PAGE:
Faye Webster: “Better Distractions (Live)”
Singer-songwriter Faye Webster got a big-time boost in attention with this song, first released as a single last year, then re-recorded live at Chase Park Transduction Studios in Athens and released late last month. That boost came from former President Barack Obama, who named it one of his favorite songs of the year, crediting daughter Sasha for her musical acumen. This put Webster on the same list as Beyoncé and Bob Dylan, so . . . no pressure. ArtsATL chose her 2019 record Atlanta Millionaires Club as one of the best albums of 2019.
With its lazily swirling, floating petal-steel guitar, slowly swaying beat and the soft, plaintive longing in her quiet but resonant voice, “Better Distractions” feels steeped in a Laurel-Canyon-of-the-1970s vibe. And we’re here for it.
She’s also a bit of a yo-yo pro, a talent that began as a way to stave off boredom while visiting relatives in Texas. It has become a trademark she brings onstage with her and, according to a Rolling Stone interview a few years ago, sells a custom version called “The Pigeon.”
Mariah the Scientist: “To You”
We’ve entered a somewhat surreal chapter in live performance, where more prominent artists longing to connect with audiences have enthusiastically taken up the somewhat awkward practice of livestreaming concert series. This is where this live performance of the previously unreleased “To You” by Mariah the Scientist debuted as part of a “Genius Live” lineup. It’s evidently a track from her upcoming project, Little Monster, due soon.
Audience members who pay $5 extra get featured on-screen for a few seconds and are shown gasping ecstatically like baseball fans caught dancing in the stands, bobbing to the song (sometimes with pets in their arms) in their living rooms as the camera randomly lands on them. If you dare, check out the full-on quarantine concert weirdness.
The rising star and Atlanta native (whose MASTER) was one of our top albums of 2019) began writing music while attending St. John’s College on a biology scholarship in New York and has been shooting to fame for cleverly written pieces like “Beetlejuice.“ Even in its early iterations, with self-effacing asides like, “Y’all know the lyrics already? Hold up,” and “Give me a minute . . . or two,” it’s clear that some exciting stuff is brewing.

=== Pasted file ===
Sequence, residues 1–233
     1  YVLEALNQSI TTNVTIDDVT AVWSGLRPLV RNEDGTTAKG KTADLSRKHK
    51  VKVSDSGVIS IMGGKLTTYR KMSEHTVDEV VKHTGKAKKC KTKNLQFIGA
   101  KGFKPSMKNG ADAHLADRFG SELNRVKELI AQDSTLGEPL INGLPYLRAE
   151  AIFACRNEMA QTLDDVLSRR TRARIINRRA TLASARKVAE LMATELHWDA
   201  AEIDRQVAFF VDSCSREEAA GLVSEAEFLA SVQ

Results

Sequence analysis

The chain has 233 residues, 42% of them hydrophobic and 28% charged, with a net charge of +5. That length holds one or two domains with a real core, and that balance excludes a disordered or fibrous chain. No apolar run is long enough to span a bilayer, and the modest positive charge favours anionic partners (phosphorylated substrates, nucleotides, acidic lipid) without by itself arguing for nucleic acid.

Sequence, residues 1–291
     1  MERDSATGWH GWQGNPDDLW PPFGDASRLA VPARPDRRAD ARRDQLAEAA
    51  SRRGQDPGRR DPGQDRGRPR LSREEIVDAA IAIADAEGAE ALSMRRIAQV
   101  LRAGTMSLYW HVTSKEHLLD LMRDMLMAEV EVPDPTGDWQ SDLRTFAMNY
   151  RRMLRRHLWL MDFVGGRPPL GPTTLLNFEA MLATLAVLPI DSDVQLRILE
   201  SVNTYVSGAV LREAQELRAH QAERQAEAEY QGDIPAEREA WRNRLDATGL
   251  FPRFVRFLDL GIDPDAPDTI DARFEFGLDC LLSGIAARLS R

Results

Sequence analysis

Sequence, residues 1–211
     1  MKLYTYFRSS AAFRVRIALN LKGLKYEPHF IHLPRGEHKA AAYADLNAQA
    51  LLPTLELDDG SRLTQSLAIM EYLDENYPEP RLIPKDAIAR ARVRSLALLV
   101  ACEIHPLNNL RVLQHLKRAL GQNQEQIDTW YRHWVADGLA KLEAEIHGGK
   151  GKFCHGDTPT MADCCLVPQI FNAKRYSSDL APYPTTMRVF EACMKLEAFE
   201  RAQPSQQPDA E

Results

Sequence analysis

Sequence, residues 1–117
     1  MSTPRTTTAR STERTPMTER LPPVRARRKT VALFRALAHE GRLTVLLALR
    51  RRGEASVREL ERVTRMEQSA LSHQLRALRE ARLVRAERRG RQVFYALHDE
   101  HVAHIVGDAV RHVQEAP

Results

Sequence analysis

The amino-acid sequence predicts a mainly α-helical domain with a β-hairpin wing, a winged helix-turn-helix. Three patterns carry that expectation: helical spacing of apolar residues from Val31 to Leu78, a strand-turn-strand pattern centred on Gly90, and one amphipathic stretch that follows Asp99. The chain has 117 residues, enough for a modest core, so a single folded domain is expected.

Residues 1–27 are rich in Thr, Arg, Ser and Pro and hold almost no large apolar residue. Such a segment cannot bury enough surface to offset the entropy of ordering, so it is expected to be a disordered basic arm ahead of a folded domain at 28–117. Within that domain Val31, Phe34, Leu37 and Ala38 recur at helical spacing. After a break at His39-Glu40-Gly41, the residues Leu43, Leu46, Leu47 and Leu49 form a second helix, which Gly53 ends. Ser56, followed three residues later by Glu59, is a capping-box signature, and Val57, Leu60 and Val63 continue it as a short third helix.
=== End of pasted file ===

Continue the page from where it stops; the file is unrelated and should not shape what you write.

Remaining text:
Sam Burchfield: “Hold My Hand”
Born and raised in the Blue Ridge Mountains of South Carolina, Sam Burchfield made his way to Atlanta in time to call it home. For the uninitiated, the singer-songwriter became involved in the Athens music scene while studying at the University of Georgia, auditioned for the 13th season of American Idol, made the cut and then turned it down, walking away to focus on writing his music. Now that’s chutzpah!
This new track, released at the end of February, brings forth his signature mixture of Appalachia-grown soulful folk music that’s earthy and earnest. His singing and guitar-playing, while he toe-taps the percussion, fills a room with feeling. It’s mesmerizing because you can tell he completely feels each note and each line. His latest album, Graveyard Flower, was released last year.
Algiers (featuring Fred Hampton): “Walk Like a Panther
Our Vintage Track of the Week honors one of the best movies of the year, Shaka King’s Judas and the Black Messiah. It’s not actually old, though its themes, sadly, are both historic and contemporary. (Plus, anything pre-2020 now feels like eons ago.) “Apocalyptic-gospel-punk” band Algiers released its earthquaking anthem “Like a Panther” the summer of 2017 on The Underside of Power album.
It opens with an excerpt from a famous speech by Fred Hampton, the remarkable Rainbow Coalition organizer, rising civil rights leader, Marxist and deputy chairman of the Illinois Black Panther Party whose all-too-short life gets a fraction of the spotlight it deserves in Judas via Daniel Kaluuya’s tour-de-force performance (watch Hampton’s actual speech here). Hampton was assassinated in his sleep by Chicago police and the FBI in 1969 when he was 21. It was and is a horrifying injustice, and revisiting the murder on film and in music reminds us how little has changed.
Algiers’ founding members Franklin James Fisher, Lee Tesche and Ryan Mahan began playing together in Atlanta in their youth, years before the band officially came together in 2012. They’ve been blazing a trail of ferocious protest songs ever since, gaining international attention as an opener for Depeche Mode on its 2017 European stadium tour, the same year this song debuted. “Walk Like a Panther” — which shakes and explodes with a palpable sense of betrayal, anger and helplessness — could well have been released today, as the fight against oppression continues.